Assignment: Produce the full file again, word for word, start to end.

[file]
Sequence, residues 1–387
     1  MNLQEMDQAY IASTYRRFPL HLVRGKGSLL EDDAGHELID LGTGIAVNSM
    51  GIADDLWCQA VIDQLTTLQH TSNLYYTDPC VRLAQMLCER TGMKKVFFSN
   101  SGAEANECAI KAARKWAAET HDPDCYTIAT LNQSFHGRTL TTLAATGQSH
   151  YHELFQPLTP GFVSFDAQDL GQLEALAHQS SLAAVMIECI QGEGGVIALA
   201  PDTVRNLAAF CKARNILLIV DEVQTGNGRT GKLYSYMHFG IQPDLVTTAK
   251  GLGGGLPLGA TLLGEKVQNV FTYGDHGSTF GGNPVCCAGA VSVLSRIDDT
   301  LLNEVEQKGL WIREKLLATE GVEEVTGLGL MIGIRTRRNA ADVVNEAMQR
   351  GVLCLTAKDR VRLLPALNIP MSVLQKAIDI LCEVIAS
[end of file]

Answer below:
Sequence, residues 1–387
     1  MNLQEMDQAY IASTYRRFPL HLVRGKGSLL EDDAGHELID LGTGIAVNSM
    51  GIADDLWCQA VIDQLTTLQH TSNLYYTDPC VRLAQMLCER TGMKKVFFSN
   101  SGAEANECAI KAARKWAAET HDPDCYTIAT LNQSFHGRTL TTLAATGQSH
   151  YHELFQPLTP GFVSFDAQDL GQLEALAHQS SLAAVMIECI QGEGGVIALA
   201  PDTVRNLAAF CKARNILLIV DEVQTGNGRT GKLYSYMHFG IQPDLVTTAK
   251  GLGGGLPLGA TLLGEKVQNV FTYGDHGSTF GGNPVCCAGA VSVLSRIDDT
   301  LLNEVEQKGL WIREKLLATE GVEEVTGLGL MIGIRTRRNA ADVVNEAMQR
   351  GVLCLTAKDR VRLLPALNIP MSVLQKAIDI LCEVIAS